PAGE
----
Why Schools Need A Powerful Physical Education Policy

Books and homework alone don’t make an education. Learning need to be well-rounded –  students learn pick up all sorts of life skills and habits in school, even from a very young age. Required curriculum elements have, in many cases, forced districts and schools to cut some of the extras that help to make our students more well-rounded individuals. No one wants to see art, music, or even food education cut out of their school’s curriculum, but did you know how important a strong PE curriculum can be?

The handy infographic below  (created by UNESCO) takes a look at why a quality physical education program is so important for students. It does more than get students up off their tookus for an hour in the middle of the school day. Keep reading to learn more.

The Power of Physical Education

Physical education provides a gateway to:

  • Physical well-being
  • Social and emotional well-being
  • Culture and the arts
  • Literacy and communication
  • Learning approaches and cognition
  • Numeracy and mathematics
  • Science and technology

Physical Education….

  • Values and communication skills are a critical complement to cognitive knowledge
  • Quality physical education drives inclusion
  • Develop knowledge and confidence to drive academic achievement
  • Breaks down barriers
  • Challenges stigma
  • Encourages dialogue and understanding between all groups
  • Drives socioeconomic improvement – fewer health issues, obesity, longer life span, etc

Because of all these benefits, 97% of countries have made physical education compulsory, but:

  • Only 79% of countries have prescribed curricula
  • Physical Education is considered less important than other subjects in 54% of countries
  • Only 53% of primary schools have suitably trained Physical Education teachers

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7 Comments

  1. Rahul

    February 17, 2014 at 1:38 pm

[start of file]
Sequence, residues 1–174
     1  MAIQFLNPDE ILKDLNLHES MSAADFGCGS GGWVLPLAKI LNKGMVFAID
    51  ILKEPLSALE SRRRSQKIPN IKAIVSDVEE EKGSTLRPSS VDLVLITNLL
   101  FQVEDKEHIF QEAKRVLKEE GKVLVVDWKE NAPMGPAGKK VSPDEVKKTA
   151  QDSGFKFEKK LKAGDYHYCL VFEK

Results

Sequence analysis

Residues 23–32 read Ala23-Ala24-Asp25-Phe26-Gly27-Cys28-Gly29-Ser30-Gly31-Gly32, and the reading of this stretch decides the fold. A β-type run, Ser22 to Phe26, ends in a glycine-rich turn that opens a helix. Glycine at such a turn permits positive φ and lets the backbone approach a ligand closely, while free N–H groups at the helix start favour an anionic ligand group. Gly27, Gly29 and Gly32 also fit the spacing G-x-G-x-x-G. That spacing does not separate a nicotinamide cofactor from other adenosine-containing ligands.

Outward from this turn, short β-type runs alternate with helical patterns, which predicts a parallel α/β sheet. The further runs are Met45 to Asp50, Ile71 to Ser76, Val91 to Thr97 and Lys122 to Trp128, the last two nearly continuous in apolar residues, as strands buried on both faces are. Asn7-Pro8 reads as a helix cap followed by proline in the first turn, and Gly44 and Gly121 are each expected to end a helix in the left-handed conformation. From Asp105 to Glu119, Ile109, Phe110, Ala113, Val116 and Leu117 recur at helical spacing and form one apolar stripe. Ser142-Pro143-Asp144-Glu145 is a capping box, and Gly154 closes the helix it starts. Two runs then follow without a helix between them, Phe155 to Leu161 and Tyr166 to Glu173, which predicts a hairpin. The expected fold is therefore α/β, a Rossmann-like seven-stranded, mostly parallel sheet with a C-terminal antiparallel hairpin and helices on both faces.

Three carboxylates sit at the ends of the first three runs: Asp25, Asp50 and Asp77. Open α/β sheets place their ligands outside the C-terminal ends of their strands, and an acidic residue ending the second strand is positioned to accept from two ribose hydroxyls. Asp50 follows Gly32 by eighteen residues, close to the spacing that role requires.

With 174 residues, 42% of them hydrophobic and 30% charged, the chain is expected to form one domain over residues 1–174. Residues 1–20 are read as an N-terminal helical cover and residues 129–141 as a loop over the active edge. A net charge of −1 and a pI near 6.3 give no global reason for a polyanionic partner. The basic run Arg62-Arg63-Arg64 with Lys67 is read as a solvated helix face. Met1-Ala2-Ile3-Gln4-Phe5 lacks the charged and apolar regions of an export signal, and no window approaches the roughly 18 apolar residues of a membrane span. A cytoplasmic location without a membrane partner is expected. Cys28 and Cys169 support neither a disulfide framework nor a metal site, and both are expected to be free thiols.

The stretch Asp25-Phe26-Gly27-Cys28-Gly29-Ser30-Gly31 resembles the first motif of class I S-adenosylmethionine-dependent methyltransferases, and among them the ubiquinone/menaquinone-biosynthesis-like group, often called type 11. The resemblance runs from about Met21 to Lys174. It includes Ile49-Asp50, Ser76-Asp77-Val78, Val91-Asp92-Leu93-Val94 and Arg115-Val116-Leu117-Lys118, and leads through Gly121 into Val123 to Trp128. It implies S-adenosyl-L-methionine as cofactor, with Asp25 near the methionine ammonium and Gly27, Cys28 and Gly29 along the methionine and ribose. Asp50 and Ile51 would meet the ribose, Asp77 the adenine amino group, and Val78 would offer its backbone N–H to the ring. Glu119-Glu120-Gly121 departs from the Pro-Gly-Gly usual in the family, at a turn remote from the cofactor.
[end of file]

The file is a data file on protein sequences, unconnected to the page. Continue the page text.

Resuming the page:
Physical Education is very beneficial for the mentally and physical growth of a person. So we should concentrate on this education too as well as with other educations. And thanks to share the data about different countries on Physical education.

  2. Marcelle McGhee

    February 20, 2014 at 12:56 pm

    Katie, I appreciate the spirit of the post and the information about various countries but to be blunt, Physical Education in our U.S schools is a waste of time. It just provides the jock students with more opportunity to practice “soccer skills” etc. While the rest of the students “hang out”. As long as physical education continues to be competition driven, “who can run faster” or “kick the ball further”, it will be a waste of time. Time that could be better spent with core class or music or arts instruction. The problem is further compounded when the Physical Education teachers are “jocks” or coaches themselves. As for the graph above, no P.E, does not “empower” girls. If anything physical education classes (as they are implemented in the U.S) causes non-athletic girls and I would hazard boys too, to feel bad about themselves and their perceived lack of “athletic” ability. As for the call to “support quality physical education in your country”, I respectfully suggest the call “Remove useless P.E classes from U.S schools”.

    • Ryan

      February 24, 2014 at 12:58 pm

      MARCELLE- I would also like to point out the highly researched and proven correlative effects that exercise has on academic performance.

    • Kazy

      February 24, 2014 at 3:31 pm